Technology developed by Newcastle headquartered Twinview has supported the first building in the world to achieve the coveted SmartScore Platinum standard – the international benchmark for best-in-class smart, sustainable, carbon-neutral buildings.
The Hickman, a recently refurbished building in Whitechapel, London, is part of a property portfolio owned by Great Portland Estates plc.
SmartScore Platinum status is awarded only to those properties that use the latest technologies to create energy-efficient, future-focused spaces, offering a world-class environment for those who live and work in them, as well as demonstrating their long-term viability through leading-edge innovations. No other building in the world has ever met the standard.
In their ambition to secure SmartScore Platinum status, Great Portland Estates were early adopters of Twinview technology, integrating it into the fabric of the building. The first commercial platform of its kind, Twinview is revolutionising the management of property. It connects Internet of Things (IoT) devices, facilities management software, operational and management information to a Building Information Model (BIM), all of which can be accessed in a web browser from anywhere, at any time.
Twinview, part of Space Group, helps reduce carbon outputs and operational costs including energy, whilst creating a golden thread of information throughout the life of the building, recording maintenance decisions and changes through occupation – all in one place. This golden thread is a critical element of the UK Government’s draft Building Safety Bill published in July 2020 in response to the Grenfell Tower disaster, currently progressing through parliament.
James Pellatt, Director of Workplace and Innovation at Great Portland Estates commented: “For us, the exciting thing about the (Twinview) digital twin is to really understand how a building is used and how to predict energy – not just in this building (The Hickman) but for others in our development pipeline.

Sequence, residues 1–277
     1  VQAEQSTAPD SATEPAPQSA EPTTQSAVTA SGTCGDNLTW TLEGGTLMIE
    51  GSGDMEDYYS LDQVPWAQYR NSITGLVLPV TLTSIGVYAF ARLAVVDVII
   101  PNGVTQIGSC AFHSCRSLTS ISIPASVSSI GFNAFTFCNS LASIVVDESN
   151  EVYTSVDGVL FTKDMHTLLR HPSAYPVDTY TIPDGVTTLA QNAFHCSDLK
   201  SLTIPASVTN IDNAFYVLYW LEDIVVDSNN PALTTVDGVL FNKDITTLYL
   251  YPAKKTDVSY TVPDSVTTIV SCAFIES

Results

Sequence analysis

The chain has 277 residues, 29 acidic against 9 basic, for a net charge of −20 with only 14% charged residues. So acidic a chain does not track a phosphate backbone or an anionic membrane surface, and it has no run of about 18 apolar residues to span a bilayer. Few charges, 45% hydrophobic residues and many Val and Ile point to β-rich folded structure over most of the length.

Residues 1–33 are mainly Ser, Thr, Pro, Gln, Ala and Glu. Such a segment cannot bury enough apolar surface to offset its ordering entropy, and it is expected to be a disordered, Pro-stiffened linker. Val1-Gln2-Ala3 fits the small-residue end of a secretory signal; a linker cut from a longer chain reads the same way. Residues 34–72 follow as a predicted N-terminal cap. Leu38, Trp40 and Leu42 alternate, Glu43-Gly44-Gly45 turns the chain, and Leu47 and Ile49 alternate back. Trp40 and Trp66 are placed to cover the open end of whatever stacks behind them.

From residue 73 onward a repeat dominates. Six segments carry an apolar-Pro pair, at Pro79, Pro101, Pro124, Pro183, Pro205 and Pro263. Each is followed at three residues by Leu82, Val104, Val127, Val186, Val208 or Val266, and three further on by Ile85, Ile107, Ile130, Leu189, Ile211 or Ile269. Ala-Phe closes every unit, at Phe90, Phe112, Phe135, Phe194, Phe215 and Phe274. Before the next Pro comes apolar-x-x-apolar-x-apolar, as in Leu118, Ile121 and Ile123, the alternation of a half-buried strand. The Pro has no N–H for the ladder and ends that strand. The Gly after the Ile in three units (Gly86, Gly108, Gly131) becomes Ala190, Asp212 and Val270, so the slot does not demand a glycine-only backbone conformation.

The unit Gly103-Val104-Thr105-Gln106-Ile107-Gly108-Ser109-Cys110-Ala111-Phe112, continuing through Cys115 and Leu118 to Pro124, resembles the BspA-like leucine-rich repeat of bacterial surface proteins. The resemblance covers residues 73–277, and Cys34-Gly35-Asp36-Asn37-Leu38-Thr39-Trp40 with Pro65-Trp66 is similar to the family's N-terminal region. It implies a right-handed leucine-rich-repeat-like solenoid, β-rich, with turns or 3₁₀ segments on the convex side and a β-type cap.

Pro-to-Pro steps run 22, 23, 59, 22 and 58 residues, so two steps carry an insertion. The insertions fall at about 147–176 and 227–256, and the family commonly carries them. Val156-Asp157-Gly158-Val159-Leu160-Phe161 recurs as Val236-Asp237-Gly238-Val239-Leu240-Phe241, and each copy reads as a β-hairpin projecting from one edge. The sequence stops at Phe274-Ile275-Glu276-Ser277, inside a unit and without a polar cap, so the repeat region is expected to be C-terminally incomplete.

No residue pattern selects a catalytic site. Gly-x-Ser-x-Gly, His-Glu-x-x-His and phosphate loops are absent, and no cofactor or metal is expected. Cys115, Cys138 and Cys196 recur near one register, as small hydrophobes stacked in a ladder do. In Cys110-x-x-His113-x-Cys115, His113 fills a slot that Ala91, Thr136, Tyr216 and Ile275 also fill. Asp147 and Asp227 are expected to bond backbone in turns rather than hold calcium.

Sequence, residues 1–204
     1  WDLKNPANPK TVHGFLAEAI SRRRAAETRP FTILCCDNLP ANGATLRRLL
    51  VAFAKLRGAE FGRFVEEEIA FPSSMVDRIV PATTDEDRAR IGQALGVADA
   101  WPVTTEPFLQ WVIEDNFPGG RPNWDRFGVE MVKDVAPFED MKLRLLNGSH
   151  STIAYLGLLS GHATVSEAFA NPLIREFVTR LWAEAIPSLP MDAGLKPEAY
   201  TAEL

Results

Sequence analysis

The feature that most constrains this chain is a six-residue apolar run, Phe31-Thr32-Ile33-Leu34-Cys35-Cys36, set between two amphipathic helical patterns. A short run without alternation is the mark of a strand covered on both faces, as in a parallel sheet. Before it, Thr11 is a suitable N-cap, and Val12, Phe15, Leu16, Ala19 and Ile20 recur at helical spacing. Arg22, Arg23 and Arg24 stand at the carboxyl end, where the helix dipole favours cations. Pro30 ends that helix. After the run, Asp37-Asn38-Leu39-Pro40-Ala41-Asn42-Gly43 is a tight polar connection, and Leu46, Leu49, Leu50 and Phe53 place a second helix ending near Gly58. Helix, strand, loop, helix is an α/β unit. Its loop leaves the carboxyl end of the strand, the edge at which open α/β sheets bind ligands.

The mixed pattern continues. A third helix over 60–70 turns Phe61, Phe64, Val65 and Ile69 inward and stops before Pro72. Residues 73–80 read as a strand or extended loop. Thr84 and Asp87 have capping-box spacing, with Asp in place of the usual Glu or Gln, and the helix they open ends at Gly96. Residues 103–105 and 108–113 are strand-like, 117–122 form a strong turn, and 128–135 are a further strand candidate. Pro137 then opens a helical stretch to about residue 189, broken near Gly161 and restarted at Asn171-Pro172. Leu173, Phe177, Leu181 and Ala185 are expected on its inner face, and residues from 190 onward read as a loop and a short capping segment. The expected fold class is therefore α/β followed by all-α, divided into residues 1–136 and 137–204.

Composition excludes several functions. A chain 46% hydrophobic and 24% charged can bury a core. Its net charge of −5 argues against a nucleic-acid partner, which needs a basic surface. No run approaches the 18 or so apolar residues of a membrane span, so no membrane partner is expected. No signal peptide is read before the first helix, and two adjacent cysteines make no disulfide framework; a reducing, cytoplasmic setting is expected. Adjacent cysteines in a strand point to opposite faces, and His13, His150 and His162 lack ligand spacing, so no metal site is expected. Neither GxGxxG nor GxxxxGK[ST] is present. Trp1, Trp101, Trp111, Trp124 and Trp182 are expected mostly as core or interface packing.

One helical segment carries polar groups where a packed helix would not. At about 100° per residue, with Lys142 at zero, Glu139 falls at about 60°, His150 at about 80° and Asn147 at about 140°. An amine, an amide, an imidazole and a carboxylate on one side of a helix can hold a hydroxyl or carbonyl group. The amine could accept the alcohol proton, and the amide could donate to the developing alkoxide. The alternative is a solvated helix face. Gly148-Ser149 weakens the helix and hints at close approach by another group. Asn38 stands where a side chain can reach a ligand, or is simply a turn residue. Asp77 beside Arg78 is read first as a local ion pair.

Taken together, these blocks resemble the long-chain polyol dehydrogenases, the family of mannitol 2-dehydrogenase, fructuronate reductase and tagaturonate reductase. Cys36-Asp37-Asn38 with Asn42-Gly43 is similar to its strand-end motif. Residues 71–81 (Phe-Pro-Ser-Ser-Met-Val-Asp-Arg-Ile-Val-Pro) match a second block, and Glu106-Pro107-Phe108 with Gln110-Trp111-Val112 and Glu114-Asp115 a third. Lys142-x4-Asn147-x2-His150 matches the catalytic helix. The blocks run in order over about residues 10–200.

“The more we learn, the more we measure, the more we can improve and we’re always looking to improve.
“Since integrating with Twinview, we have seen some initial benefits. By just allowing engineers to understand the building before they arrive, they are able to look around (using Twinview) and understand what is there, and that’s really important – it’s underestimated.
“We have some really strong ambitions of achieving Net Zero and what we learn at The Hickman will help us get there.
“The relationship we have with Twinview is extremely important to us – it is how we like to collaborate and how we like to innovate. By listening to people who challenge us, but also respond to challenges is really key to us in onboarding and integrating technology. It is a strategy we use throughout the portfolio.”
Since launching the platform 18 months ago, Twinview has signed partnership deals with Nordic BIM Group in Norway, Sweden and Finland, bimTEC in Portugal and IIMBE in New Zealand and Australia, allowing the company to quickly scale globally. There are plans to expand into North America and mainland Europe.
Adam Ward, a director at Twinview, said; “It’s great to see The Hickman receive the SmartScore Platinum status, which demonstrates just how much thought, effort and planning went into the refurbishment of the building. Great Portland Estates were early proponents of our technology, recognising it could provide them with a holistic view of energy usage as well as a way of thoroughly documenting decisions and changes through occupation – all in one place.
“More and more building investors, developers and managers are understanding that by investing and designing-in technologies like Twinview at key stages in a building’s life, they are contributing to carbon-neutral targets, while creating longer-term efficiencies and more desirable environments. This might be at the start of a project or during a remodelling exercise, but whatever the timing, the use of smart technologies is here to stay and plays a critical role in the future of building design.”